Friday Talk Series - November 26, 2010, PILSARC Library

To all those who have been attending sessions on Friday evenings, thank you for coming and strengthening the debate here at PILSARC! Last week's discussion on Kashmir was arguably the hottest one we've had in this series!

Tomorrow, to take the heat down a notch, as decided by last week's vote, we will gather to explore the environmental concerns arising from the recent spate of judgements on mines and dams, a topic that has made activists sit up and take notice even as international conventions on environmental degradation witness an all-time high.

Please bring along friends / colleagues / interesting people you know / students, and join us as we begin to understand the promise and the price of environmental protection in India.

What - Environmental protection in India - mines and dams
Who - Lead by Dr. Rajeev Dhavan
When - Tomorrow, Friday, 26 November, 2010
What time - 5.30 p.m.
Where - PILSARC Library (Basement), A 131, New Friends Colony, Delhi - 25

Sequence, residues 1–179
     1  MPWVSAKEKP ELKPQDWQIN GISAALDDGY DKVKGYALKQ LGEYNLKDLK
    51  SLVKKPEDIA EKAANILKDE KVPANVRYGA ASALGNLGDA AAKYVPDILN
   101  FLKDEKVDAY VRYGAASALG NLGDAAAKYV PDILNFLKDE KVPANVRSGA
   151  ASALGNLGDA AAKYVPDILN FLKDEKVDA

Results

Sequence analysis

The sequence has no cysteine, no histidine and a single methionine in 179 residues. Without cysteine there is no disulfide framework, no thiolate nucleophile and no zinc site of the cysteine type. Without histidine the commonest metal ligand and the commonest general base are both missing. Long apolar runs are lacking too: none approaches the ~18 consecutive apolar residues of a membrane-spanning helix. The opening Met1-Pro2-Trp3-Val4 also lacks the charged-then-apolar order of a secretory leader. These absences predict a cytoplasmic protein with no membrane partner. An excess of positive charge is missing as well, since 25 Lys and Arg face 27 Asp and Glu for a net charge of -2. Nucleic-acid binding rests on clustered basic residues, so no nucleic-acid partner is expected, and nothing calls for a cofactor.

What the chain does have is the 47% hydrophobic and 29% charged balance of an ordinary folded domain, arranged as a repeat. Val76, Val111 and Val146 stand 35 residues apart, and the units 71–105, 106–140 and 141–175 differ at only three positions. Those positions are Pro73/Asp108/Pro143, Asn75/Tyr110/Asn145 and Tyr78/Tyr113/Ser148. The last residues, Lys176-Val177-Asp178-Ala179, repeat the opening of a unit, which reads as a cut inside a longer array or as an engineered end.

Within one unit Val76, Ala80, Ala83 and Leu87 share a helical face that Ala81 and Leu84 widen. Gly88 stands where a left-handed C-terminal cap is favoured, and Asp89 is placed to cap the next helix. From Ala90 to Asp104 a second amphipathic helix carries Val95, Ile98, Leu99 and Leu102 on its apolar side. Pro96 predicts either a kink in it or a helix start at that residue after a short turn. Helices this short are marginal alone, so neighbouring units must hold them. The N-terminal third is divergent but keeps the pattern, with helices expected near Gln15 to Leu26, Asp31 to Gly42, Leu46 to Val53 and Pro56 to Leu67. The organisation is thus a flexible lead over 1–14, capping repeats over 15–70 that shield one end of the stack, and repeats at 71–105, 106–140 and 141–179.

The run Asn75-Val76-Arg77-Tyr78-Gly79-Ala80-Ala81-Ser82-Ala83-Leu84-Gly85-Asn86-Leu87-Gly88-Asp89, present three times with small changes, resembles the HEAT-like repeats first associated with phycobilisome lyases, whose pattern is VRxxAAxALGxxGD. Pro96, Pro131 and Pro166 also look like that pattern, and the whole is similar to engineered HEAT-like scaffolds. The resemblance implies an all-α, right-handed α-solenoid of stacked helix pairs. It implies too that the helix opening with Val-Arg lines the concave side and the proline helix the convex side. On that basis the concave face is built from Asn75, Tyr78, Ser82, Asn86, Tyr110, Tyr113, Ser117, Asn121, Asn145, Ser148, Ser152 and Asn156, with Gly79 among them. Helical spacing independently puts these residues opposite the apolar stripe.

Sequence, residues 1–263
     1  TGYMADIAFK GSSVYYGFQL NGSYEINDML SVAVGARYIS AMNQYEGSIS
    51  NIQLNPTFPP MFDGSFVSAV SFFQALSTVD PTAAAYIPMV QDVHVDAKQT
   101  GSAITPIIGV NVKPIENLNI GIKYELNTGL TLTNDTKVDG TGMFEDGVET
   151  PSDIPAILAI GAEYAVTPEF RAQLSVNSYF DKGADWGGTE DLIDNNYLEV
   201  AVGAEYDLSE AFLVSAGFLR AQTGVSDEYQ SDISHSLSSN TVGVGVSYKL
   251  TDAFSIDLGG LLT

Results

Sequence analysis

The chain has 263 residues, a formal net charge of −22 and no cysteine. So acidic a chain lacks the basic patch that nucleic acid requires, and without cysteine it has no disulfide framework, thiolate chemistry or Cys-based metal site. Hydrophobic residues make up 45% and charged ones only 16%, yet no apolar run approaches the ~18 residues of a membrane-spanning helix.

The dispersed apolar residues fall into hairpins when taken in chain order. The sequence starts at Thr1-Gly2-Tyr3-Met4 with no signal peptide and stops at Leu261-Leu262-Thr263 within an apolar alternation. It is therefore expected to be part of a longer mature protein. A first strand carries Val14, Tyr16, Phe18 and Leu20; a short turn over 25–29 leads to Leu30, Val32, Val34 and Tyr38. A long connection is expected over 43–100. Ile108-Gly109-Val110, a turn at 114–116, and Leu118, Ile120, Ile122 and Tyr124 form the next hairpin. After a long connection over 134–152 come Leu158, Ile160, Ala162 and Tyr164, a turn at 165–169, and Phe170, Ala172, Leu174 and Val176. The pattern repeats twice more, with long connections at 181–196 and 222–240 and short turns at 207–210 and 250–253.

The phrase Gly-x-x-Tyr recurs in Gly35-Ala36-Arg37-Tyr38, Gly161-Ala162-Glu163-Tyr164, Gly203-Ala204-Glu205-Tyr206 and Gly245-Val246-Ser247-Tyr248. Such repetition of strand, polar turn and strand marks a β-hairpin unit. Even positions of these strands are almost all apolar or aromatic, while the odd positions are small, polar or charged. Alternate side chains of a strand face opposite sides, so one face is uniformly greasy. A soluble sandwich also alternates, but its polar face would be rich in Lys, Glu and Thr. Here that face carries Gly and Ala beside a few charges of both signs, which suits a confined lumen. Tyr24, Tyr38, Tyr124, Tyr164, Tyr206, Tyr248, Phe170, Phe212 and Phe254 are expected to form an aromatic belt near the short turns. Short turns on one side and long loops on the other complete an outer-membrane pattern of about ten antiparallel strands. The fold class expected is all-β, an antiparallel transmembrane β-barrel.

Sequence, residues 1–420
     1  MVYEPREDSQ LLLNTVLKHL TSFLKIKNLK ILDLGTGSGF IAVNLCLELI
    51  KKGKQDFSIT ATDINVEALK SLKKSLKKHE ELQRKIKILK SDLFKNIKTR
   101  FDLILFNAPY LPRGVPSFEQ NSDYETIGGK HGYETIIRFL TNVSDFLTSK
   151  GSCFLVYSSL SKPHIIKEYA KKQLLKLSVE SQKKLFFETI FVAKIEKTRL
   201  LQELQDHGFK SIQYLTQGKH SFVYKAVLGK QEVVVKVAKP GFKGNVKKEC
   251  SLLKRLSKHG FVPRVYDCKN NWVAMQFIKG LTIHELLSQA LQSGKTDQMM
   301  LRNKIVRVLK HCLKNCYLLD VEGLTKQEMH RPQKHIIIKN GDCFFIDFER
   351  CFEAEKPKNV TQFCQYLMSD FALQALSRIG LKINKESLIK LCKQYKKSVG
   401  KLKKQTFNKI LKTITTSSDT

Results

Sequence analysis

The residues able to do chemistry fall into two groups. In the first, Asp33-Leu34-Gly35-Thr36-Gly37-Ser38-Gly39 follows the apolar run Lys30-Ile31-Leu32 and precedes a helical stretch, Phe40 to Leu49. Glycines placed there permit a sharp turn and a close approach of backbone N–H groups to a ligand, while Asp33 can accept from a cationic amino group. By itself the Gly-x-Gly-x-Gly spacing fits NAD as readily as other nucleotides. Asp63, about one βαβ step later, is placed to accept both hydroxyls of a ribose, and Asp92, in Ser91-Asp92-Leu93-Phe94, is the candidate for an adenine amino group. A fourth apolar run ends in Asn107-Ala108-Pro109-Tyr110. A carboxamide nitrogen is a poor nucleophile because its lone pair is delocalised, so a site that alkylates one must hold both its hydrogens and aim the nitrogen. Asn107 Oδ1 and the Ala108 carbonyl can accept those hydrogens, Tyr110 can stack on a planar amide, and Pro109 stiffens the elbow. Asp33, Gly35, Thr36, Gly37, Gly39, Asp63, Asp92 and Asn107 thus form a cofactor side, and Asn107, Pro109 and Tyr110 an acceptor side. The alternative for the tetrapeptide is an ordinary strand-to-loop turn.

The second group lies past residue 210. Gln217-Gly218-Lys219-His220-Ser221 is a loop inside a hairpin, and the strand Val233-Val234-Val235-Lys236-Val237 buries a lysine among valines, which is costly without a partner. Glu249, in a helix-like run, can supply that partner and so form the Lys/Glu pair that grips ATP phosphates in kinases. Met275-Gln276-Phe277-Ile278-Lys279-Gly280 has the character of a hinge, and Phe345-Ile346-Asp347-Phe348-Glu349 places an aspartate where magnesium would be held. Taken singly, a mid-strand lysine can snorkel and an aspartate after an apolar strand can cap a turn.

Tea, snacks and copies of the available discussion materials are on us, as is the difficult responsibility of steering the conversation!

The PILSARC Friday Talk Series is intended to provide a free and informal forum for intelligent, critical, analytical minds to speak out and have their voices heard. In case I have missed out inviting people that attended the previous talks in this list, please do forward this invite to them - thanks!

I look forward very much to seeing you all here tomorrow evening!



Thursday, November 18, 2010

Dear Faithful!

I hope this finds all of you refreshed and ready to exercise those brains after a long and many-festive-holidays interspersed break,

It is time for us to reconvene at the usual place (which is now renovated and looking much better than before); I am delighted to invite you all to another brainstorming evening, this Friday, November 19, 2010 (tomorrow, from 5.30 p.m. onwards, at A-131, New Friends Colony, Basement Library, to join Dr. Rajeev Dhavan as we attempt to make sense of the set of contradictions that define the Kashmir issue.

Please join us in large numbers, I hope you have made lots of new friends during the holidays and will bring them and more people along with you! Don't disappoint us, show up, and we will supply the usual fare of intellectually stimulating discussion, hot tea and jalebis :)

The PILSARC Friday Talk Series is intended to provide a free and informal forum for intelligent, critical, analytical minds to speak out and have their voices heard.

I do look forward to seeing all of you!!